Uber, Lyft, and others have partly sold their services on the premise that ride-sharing services will lead to fewer people driving their own cars and therefore reducing city center congestion. They have previously denied independent reports that they make things worse, but are now admitting that the story isn’t as rosy as they’d hoped.
The study looked at the impact of what are formally known as “transportation network companies” (TNCs) in six cities: Boston, Chicago, Los Angeles, San Francisco, Seattle, and Washington, DC. It found that their overall contribution to congestion was low on a citywide basis, ranging from 1.1% in Seattle to 2.7% in San Francisco. But CityLab notes that it was a very different picture in central areas when looking at the percentage of vehicle miles traveled (VMT).
The new findings show that Uber and Lyft account for just 1%-3% of total VMT in the larger metropolitan regions surrounding the six cities. But they have a far heavier traffic impact in core urban areas […]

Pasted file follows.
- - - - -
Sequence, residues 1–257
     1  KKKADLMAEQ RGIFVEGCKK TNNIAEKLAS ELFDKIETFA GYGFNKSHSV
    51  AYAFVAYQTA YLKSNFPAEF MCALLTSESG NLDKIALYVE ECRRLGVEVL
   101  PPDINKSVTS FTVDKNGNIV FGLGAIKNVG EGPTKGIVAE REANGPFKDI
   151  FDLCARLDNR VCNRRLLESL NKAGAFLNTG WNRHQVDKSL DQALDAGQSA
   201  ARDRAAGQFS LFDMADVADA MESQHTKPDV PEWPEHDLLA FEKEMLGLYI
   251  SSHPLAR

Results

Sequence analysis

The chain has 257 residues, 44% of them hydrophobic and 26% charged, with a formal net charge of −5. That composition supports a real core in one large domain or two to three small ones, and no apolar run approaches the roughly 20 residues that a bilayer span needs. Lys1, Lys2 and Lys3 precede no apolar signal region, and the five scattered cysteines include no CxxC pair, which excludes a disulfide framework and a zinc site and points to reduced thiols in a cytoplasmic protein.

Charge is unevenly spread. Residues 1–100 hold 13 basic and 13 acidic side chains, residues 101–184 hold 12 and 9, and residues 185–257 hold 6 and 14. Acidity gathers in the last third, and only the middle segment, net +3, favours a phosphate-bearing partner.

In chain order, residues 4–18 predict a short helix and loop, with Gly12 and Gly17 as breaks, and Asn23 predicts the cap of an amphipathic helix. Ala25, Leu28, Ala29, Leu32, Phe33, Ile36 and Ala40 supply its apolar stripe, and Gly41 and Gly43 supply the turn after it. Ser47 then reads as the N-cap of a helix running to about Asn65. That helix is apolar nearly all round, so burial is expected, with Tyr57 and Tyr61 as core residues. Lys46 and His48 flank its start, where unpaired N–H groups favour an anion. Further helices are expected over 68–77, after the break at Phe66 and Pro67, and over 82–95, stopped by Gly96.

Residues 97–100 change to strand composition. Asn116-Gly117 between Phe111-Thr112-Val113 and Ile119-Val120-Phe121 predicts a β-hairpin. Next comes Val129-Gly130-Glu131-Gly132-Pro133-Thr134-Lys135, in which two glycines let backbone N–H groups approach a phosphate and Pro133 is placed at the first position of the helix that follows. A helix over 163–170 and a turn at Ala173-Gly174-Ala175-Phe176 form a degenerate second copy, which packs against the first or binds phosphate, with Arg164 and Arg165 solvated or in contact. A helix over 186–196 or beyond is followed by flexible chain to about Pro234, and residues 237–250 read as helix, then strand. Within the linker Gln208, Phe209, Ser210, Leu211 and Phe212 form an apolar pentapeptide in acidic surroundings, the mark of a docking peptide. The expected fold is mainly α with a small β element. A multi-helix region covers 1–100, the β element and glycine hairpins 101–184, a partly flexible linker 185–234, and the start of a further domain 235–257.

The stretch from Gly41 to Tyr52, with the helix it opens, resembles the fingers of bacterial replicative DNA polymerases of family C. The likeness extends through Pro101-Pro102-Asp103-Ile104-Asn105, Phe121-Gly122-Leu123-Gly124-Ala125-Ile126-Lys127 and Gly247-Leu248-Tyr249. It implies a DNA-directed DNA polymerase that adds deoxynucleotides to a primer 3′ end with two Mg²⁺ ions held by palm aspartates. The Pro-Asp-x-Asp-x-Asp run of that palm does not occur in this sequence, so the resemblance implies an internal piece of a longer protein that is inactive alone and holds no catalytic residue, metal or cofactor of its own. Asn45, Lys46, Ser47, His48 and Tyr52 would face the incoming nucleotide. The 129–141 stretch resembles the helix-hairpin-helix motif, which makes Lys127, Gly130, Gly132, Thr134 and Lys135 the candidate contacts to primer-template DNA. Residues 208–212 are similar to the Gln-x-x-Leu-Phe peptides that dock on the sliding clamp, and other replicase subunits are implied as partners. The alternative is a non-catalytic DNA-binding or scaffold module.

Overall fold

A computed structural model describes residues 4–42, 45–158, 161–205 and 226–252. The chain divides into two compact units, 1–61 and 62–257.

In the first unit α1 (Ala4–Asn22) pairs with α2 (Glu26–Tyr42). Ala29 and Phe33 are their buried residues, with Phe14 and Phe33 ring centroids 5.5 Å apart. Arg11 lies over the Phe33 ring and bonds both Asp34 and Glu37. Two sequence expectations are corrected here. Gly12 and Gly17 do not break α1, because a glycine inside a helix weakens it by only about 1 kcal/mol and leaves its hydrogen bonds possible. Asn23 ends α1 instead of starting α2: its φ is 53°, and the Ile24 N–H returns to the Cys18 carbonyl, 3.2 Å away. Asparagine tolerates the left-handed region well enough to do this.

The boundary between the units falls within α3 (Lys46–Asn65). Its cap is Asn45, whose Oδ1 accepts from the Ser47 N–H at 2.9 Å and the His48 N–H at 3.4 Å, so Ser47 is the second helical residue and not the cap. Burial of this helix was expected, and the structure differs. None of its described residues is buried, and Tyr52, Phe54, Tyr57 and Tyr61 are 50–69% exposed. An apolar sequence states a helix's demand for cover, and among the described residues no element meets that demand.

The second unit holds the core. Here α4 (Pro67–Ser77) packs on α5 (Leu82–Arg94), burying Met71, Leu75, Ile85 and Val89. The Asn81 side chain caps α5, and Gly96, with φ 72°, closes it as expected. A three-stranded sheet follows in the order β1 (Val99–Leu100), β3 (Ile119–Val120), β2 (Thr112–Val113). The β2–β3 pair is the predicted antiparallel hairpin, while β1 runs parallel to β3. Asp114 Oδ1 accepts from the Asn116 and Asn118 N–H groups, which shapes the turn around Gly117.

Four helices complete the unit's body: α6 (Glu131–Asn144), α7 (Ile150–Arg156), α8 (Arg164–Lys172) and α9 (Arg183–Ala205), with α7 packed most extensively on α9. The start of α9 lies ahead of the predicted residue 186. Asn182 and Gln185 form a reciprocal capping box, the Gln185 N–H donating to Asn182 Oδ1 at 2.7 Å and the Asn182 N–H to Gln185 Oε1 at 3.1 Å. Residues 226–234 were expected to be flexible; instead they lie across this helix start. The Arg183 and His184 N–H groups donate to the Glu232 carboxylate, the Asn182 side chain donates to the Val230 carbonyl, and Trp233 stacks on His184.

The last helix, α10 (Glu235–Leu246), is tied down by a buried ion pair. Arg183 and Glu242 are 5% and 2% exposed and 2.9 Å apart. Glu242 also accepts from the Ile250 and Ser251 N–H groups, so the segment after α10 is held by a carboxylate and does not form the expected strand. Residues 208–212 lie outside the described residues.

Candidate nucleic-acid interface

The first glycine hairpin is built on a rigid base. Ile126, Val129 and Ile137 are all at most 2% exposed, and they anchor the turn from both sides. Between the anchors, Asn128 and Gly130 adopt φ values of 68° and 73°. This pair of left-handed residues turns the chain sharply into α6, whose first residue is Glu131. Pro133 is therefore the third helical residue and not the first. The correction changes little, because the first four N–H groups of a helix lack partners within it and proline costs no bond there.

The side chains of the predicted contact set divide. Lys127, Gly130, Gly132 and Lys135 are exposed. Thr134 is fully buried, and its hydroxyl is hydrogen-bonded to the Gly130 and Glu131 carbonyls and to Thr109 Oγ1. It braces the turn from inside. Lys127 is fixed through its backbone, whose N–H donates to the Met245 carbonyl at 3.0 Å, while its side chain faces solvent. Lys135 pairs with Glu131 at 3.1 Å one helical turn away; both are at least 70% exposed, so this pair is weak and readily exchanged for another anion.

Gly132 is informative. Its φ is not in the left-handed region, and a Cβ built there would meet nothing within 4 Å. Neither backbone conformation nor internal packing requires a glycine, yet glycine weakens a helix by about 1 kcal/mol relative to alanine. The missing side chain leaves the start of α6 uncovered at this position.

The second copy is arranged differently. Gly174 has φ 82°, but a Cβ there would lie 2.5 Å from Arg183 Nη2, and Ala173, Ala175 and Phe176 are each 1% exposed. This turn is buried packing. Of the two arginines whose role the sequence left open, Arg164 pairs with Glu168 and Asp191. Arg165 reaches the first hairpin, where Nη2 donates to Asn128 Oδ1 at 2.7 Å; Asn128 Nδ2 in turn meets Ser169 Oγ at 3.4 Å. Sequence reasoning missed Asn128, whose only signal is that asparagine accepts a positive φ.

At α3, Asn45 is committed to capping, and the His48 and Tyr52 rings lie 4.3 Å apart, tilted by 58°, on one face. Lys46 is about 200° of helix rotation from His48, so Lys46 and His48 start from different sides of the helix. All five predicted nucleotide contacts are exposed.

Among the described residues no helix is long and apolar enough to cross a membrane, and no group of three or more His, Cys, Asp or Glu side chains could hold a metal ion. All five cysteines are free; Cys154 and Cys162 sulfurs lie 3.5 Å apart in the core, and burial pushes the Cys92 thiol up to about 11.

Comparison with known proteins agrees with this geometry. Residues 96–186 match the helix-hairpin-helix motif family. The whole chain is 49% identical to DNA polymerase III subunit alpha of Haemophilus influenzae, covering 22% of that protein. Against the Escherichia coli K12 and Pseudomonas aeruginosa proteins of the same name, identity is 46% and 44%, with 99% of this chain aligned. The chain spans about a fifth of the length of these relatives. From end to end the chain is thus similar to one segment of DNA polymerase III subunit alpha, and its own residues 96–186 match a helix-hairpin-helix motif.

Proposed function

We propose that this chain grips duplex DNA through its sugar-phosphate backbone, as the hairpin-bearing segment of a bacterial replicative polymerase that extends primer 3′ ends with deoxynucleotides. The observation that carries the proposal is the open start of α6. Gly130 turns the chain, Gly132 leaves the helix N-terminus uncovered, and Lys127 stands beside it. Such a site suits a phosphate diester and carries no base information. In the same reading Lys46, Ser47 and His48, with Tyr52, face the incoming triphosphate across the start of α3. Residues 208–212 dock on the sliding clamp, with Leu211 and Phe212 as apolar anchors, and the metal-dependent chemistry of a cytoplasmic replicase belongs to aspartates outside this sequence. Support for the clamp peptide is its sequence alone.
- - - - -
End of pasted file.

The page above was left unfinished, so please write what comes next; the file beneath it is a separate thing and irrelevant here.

In San Francisco County, Uber and Lyft make up as much as 13.4% of all vehicle-miles. In Boston, it’s 8%; in Washington, D.C., it’s 7.2%.
These numbers suggest that ride hailing is hitting traffic harder in many cities than previously understood. For example, independent research by the San Francisco County Transportation Authority in 2017 showed that, as of fall 2016, TNCs generated about 6.5% of the county’s total VMT on weekdays, and 10% of weekends. And the agency found that the growth in ride-hailing was already a major contributor to noticeable slow-downs on San Francisco streets.
Now, the Fehr and Peers memo indicates that TNCs accounted for nearly twice the VMT in San Francisco than the SFCTA had estimated.
Worse, the percentage of Uber and Lyft journeys with passengers on board ranges from 54% to 62%, meaning that a lot of those journeys are either en route to a pickup or just positioning themselves centrally in the hope of picking up rides.
However, the ride-sharing companies point out that private car use is the biggest problem, accounting for between 87% and 99% of city center congestion. One possible solution, they suggest, is some form of congestion charge, where cities impose a fee for vehicles entering central areas. This has been implemented in cities including London, where it has proved effective in reducing car usage. It’s also coming soon to the US, after agreement was reached on applying it to parts of Manhattan.
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